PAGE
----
Beautiful Simplicity Of Nintendo Story Telling

Some games have universe spanning, multi-dimensional stories that encompass every possible character you could ever dream of. These games are either bloody fantastic, or fall flatter than Sega’s favourite mamal hit by a truck. Nintendo often come under fire by palming us off with the same bare bones plot game after game – I mean how many times has Mario saved Peach? At least 25 times, i’m sure. But what if I told you Nintendo have secretly mastered the art of story telling?

I am sure the vast majority of you have clicked off the article and blacklisted me. To the remaining few, let me explain. Some games have their story front and centre. The gameplay serves the story and the story delivers all the beats it needs to. Bam, you have yourself the original Mass Effect. A deeply flawed gameplay experience that delivers a plot with multiple alien factions, mind control, galactic politics, universe destroying AI and lets not forget, super awkward alien snoo-snoo. You can’t knock it, its just a solid story that keeps you engaged throughout, janky gameplay be damned.

Then you have a game like Mario. Mario packs a deeply philosophical story whereby you, the aforementioned Mario, have to rescue a Princess from what is essentially a fire-breathing-spiky-turtle-dragon. That’s it. No, seriously. That’s it. And despite the unimaginable cerebral strain that puts on you, it’s perfect. You see, Nintendo do the opposite of Mass Effect – The story serves the gameplay. The story is simple because the focus is squarely on the delivering a top notch gameplay experience. Always.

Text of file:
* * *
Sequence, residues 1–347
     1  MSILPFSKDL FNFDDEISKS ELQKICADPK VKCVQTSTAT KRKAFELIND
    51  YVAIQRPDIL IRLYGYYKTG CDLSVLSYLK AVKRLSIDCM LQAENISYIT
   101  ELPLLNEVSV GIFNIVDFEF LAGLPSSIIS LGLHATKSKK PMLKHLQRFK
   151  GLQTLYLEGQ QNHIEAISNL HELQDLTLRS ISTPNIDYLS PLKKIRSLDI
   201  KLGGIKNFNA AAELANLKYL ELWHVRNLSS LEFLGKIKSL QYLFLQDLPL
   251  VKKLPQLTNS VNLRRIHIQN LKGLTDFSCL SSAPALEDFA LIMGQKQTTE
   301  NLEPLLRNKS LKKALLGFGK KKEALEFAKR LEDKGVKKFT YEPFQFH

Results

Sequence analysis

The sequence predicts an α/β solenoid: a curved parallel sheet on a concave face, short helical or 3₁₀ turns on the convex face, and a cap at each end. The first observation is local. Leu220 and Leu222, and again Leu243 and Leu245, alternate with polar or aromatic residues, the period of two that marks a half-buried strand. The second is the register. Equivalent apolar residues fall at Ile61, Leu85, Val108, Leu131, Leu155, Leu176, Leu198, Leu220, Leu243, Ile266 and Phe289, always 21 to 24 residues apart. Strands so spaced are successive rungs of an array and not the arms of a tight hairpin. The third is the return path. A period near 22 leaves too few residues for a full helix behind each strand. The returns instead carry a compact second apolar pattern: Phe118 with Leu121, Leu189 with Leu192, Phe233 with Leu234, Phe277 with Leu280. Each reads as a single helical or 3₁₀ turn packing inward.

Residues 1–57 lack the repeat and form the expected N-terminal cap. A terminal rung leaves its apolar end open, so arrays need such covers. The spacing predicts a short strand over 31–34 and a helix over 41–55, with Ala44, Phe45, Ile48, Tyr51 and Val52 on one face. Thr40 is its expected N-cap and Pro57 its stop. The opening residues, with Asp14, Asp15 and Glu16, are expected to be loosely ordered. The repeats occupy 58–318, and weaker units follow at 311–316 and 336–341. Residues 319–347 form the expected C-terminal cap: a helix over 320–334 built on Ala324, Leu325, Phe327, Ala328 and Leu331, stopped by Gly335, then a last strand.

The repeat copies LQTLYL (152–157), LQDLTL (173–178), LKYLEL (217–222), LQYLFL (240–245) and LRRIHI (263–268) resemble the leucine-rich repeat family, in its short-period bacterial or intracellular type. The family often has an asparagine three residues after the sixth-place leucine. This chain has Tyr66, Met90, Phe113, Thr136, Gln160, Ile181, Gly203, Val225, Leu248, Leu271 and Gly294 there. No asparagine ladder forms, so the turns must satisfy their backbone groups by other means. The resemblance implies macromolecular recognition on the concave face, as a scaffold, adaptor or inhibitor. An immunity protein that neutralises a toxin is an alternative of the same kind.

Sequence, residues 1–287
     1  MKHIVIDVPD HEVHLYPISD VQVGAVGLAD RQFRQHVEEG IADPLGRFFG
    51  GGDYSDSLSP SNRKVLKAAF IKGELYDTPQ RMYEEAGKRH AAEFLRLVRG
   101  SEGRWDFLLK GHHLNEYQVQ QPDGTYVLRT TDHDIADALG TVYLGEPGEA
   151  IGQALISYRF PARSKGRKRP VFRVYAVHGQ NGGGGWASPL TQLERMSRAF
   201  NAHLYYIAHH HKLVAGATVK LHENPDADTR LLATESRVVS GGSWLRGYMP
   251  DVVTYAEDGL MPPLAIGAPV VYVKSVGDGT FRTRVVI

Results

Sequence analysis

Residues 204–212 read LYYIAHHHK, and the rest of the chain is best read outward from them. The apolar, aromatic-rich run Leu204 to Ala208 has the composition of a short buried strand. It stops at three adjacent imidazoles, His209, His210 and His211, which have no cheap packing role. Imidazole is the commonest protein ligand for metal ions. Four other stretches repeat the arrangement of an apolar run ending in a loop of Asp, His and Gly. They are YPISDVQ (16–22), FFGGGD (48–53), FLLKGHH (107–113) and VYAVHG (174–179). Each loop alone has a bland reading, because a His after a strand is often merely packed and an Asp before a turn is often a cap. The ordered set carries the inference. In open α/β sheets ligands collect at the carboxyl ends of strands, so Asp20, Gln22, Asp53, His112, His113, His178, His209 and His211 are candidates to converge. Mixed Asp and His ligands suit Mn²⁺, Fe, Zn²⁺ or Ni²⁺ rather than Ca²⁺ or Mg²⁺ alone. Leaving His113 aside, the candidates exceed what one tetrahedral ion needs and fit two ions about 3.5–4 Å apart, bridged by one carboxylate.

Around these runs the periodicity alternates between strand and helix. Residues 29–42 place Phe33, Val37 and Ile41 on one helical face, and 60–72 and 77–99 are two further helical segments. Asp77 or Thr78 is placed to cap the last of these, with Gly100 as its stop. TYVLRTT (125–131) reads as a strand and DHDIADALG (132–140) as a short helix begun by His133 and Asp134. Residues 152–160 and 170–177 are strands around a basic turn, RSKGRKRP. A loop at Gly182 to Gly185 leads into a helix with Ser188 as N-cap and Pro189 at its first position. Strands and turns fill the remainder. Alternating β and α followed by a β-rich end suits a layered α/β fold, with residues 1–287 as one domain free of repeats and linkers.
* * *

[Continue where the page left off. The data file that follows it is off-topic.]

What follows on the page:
To help prove my point, there are a bunch of other games that fall in line with this method of story telling. I mean Zelda and Metroid mostly follow this pattern, albeit with a bit more flare (although not much). But outside of Nintendo we have games like Shovel Knight, Super Meat Boy and Megaman. Games that give you a very simple goal and then lavish you with a super tight experience that makes your partner green with envy.

Now there are some games that should absolutely adopt the Nintendo approach to story telling, but instead try to envelope a more complex style. Lets take Sonic as a prime example. A series of games that once had a very simple plot, and delivered an experience that got many gamers into gaming. Nowadays the Blue Blur has lost his way. Now we have a rogue gallery with a larger population than that of a small country and an equally large cast of anthropomorphic monstrosities that distract from our main character. Lets not forget they have tackled time travel, multiple apocalypses and have been known to give questionable scenes that border bestiality. Sega, I love you, I really do. But please, for the love of God let me play as Sonic. Let me jump on the fat man until he dies. Give me that story, take all the money you were going to invest in multiverse theory and put it into gameplay. Just for old times sake. Please?

Is Nintendo’s way the only way to do video game story telling? Hell no. I want me some Witcher 4 damn it. But there is a magic that can only be found in the simple things. Nintendo harnesses the power of the aether and provides us with outstanding gameplay experiences that continue to knock our socks off 36 years later. Less is sometimes more my friends.

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